1) Decorate their apartment/room very similar to what their home was like. Assisted Livings often feel like “Home Away from Home” instead of “Home Sweet Home.” There are many ways to help your family member feel more at home in an assisted living and one of the best ways is to recreate their apartment/room to look and feel like their old home. Use older furniture that they had like a baker’s rack or a china cabinet. If space is limited try adding old throws/quilts to a couch or bed that were passed down or that they made. One of the absolute best ways to decorate your family member’s apartment is with pictures! Pictures help recall memories, people, or places. A good atmosphere can evoke a positive attitude in your family member about the transition to assisted living.
2) Encourage social activity with other residents like playing games or visiting other neighbors in their rooms or apartments. Most assisted livings have Activity Directors. I just so happen to be very fond of this position because I am the Activity Director for Stonehaven Assisted Living. Humans are by nature relational beings and we respond to relationships with others 1 of 2 ways. We either enjoy being with certain people, or we don’t. Extroverts generally enjoy being with lots of other people and get satisfaction out of meeting new friends and being social. Introverts are typically more reserved and are fine with minimal contact with others, only in close relationships. Understanding this is vital to finding out what type of social life your family member needs to have. Do they gain energy and feel cheerful around a lot of people? Or do they feel more comfortable in a small setting with 2 or 3 close friends? One of the most beautiful things about retirement is that you get time to enjoy yourself, whether that be through playing games or making new friends or learning new information. There’s always a way to be social-even if it’s just in small quantities. The important thing to realize is that without some kind of social life, introverted or extroverted, your family member could become depressed, lonely and/or inactive and not thrive as well as they could if they participated in social activities.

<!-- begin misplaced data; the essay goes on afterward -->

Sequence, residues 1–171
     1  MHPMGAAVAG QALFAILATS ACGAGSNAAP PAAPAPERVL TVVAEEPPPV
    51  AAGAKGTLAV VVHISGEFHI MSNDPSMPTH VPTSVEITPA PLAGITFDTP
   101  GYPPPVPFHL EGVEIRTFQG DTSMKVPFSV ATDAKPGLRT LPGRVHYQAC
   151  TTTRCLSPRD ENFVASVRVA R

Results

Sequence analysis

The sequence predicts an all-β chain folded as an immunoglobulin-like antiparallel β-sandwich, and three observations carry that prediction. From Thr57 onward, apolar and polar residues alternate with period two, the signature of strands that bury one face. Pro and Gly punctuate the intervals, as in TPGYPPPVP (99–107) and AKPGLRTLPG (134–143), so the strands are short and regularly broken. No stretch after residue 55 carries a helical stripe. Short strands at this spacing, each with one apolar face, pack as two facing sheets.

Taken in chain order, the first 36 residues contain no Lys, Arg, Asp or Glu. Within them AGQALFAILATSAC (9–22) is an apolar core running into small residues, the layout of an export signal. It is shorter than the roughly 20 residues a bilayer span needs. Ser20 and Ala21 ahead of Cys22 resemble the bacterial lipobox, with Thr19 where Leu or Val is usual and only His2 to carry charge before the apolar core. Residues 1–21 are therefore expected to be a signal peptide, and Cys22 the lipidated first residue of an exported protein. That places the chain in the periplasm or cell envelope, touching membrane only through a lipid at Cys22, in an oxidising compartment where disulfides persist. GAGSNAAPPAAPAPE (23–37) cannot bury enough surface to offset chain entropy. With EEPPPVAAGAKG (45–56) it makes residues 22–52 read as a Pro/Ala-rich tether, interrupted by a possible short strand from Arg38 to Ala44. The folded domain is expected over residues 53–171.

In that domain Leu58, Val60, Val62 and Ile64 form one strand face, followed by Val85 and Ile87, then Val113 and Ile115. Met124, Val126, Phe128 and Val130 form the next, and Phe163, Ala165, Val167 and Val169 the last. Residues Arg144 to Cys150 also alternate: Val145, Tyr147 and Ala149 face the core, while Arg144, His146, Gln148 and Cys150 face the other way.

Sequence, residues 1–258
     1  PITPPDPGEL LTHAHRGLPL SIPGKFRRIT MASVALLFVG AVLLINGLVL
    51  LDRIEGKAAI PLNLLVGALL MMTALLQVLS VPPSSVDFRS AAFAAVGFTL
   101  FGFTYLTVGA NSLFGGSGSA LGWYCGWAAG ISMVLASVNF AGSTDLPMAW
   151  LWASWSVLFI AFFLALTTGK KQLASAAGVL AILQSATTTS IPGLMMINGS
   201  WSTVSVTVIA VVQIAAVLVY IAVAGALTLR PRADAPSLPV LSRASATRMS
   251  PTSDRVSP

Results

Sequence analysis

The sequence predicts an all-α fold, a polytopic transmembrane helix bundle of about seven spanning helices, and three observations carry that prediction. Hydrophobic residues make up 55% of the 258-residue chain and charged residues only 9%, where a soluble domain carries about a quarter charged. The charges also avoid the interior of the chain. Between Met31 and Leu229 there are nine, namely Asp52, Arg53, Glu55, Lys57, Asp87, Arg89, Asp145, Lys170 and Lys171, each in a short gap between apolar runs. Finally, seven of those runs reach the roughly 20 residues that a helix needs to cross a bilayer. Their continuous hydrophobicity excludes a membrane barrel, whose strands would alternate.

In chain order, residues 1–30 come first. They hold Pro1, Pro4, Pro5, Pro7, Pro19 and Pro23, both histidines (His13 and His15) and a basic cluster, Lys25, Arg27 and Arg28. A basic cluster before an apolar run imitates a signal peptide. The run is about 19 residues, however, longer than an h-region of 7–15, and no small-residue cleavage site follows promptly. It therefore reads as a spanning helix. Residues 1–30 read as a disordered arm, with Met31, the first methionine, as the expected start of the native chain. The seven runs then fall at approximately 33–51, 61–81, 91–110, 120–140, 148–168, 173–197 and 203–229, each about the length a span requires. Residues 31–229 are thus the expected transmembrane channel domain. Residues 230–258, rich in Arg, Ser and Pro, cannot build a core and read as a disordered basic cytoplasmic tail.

3) Visit your family often. Family participation and visitations are crucial to boosting your family member’s spirits when going to an assisted living. Family visits are so meaningful. After all, when they were in their other home family would come over, so why not now? Plan fun things together like taking your family member out for ice cream or a movie or go to the park to get some fresh air or showing them new scenery. Another big way to visit your family member is to take them shopping and out to eat. The little things are the most basic to keeping them lively and okay with going “home” after trips or feeling like they’re at home when they get to invite someone in. Another tip during visitations is to not make your family member feel like a burden. If you enjoy your time together, so will they.
4) Encourage your family member to eat with other residents during meal times. Food is a unifying thing. It brings people together. Often times when residents of assisted livings eat together, they make new friends, tell stories and have greater recall of special times in their lives. They tend to eat more as well because they are happy. This helps maintain physical and social health.
5) Get to know the staff at your facility. The staff at assisted facilities are your friends, not just employees of the company you’ve entrusted your family member with. If the staff doesn’t enjoy what they do, is it really a place you want your family member? Quick Tip: If the staff doesn’t want to be there, neither will your family member. One of the best parts of working in an assisted living is getting to know not just the residents, but the families too.